The 10-year Subversive, Metaphysical, And Sometimes Controversial History of Teaching a Book Called Push

By:
Kenneth DiMaggio
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What makes one particular book work for adult, non-traditional, Community College students? The novel Pushs by the African-American author Sapphire has engaged my students since 1997. Over a 10-year period, this novel has evolved into a spoke for social change; both within the classroom and the community. The text, (whose landscape is an alternative classroom for illiterate, homeless, and or sexually abused young women of color) has served as a model for moving away from a traditional classroom based on what Brazilian author Paulo Friere calls "The Banking Concept" of education, and more towards a classroom where teacher and students come together in a shared community, to solve a problem significant to that community. (As the classroom does in Push.) Now in my 10th year of teaching this book, this text which has started its "classroom life" as an outsider, has now become a respectable and even "wise elder" among my other texts. How such a book went through various outsider and controversial "life stages" to reach this eminent position, will be examined in this presentation and paper.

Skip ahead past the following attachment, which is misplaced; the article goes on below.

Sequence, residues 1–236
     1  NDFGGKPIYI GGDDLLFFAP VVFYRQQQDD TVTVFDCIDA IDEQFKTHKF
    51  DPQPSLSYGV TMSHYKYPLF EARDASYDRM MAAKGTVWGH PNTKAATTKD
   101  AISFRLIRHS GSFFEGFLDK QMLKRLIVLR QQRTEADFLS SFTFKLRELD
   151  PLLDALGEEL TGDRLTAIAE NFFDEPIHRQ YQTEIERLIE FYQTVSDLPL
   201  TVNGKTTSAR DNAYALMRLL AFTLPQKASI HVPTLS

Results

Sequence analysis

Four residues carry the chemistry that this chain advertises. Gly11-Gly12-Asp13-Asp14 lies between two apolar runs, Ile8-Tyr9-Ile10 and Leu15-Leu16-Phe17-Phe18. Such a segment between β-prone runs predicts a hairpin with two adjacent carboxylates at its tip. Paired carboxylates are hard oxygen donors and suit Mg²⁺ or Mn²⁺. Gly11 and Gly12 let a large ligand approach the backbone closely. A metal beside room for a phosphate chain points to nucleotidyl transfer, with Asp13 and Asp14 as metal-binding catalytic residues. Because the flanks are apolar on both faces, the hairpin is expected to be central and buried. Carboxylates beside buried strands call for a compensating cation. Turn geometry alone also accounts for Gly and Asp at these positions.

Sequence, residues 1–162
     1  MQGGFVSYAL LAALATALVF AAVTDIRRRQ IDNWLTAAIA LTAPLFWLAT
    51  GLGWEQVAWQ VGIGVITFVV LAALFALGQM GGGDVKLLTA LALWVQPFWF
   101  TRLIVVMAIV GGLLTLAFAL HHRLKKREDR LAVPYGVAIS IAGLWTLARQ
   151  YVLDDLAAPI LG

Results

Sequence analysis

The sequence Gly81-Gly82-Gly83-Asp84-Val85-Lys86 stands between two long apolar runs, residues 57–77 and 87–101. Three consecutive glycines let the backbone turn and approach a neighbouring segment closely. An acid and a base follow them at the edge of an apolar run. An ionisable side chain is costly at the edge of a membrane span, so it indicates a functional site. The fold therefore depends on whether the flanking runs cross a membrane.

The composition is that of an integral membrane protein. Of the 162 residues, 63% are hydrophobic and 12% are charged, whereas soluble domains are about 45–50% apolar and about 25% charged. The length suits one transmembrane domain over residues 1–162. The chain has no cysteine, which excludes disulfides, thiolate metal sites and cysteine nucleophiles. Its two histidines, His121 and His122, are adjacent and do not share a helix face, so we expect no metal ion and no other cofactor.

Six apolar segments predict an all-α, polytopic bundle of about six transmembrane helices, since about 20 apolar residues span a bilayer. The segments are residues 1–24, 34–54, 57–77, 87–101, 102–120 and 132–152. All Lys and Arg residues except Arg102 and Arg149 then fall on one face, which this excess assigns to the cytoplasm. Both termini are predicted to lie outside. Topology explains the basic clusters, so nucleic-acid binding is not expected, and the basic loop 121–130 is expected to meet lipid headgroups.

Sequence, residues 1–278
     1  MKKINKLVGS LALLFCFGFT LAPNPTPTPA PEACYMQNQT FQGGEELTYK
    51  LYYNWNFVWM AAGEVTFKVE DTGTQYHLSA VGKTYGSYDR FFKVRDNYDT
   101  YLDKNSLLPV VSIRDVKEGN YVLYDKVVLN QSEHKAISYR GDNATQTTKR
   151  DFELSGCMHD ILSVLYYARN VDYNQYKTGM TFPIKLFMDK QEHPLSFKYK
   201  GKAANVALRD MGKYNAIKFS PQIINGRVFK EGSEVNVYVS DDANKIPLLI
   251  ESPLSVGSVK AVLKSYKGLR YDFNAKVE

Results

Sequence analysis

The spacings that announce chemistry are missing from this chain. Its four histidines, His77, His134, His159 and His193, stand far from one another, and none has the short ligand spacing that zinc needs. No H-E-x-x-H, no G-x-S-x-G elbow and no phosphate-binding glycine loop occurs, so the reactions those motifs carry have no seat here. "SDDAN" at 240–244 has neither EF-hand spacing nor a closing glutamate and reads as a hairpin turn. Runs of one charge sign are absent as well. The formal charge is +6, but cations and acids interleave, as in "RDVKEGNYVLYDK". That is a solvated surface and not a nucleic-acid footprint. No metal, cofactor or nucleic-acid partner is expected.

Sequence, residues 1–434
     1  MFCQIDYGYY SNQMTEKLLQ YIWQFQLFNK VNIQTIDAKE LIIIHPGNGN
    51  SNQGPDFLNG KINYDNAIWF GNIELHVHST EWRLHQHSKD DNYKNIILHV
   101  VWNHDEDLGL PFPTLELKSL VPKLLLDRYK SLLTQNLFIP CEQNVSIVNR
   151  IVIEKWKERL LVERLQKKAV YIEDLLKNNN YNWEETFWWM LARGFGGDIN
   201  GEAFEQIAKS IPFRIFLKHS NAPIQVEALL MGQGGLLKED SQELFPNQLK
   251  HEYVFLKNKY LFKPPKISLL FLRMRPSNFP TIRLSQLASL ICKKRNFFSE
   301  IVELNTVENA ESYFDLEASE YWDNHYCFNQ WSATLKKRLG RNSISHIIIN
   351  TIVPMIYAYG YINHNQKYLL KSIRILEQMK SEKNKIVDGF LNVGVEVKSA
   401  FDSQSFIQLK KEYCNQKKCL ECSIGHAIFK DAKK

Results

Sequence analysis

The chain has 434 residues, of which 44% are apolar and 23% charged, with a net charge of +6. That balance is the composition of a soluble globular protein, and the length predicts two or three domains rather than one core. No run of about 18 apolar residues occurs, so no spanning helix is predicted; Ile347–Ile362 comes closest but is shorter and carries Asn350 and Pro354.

Keywords: Push, Novel, Social Change, Pedagogy
Stream: Educational Resources and Learning
Presentation Type: Paper Presentation in English
Paper: , , 10-year Subversive, Metaphysical, And Sometimes Controversial History Of Teaching A Book Called Push, The


Kenneth DiMaggio

Assistant Professor of Humanities, Humanities, Capital Community College
Hartford, Connecticut, USA

I am an Assistant Professor of Humanities at Capital Community College in Hartford Connecticut. CCC is an urban community college where students are often reading at a level that is below traditional college course work, thus making literacy a prime issue that constantly needs to be addressed. As a teacher of Literature and Writing, I am constantly looking for texts to help address the above issue, and the novel Push has been one of my most successful texts. Besides finding new ways to address literacy issues, I am also looking at how to create non-traditional models of writing instruction for the classroom. I have recently been awared a fellowship for Connecticut Community College instructors to do research at Yale University, with the focus on finding a way to internationalize your curriculum. I am presently doing research on a Madagascar-based exhumanation ceremony known as "Famadihana" and how it creates a discourse between the living and the dead. I am trying to use this model as a way to create a written discourse for students to relate their present with a past that often seen as a foreign or even hostile subject.

Ref: B07P0032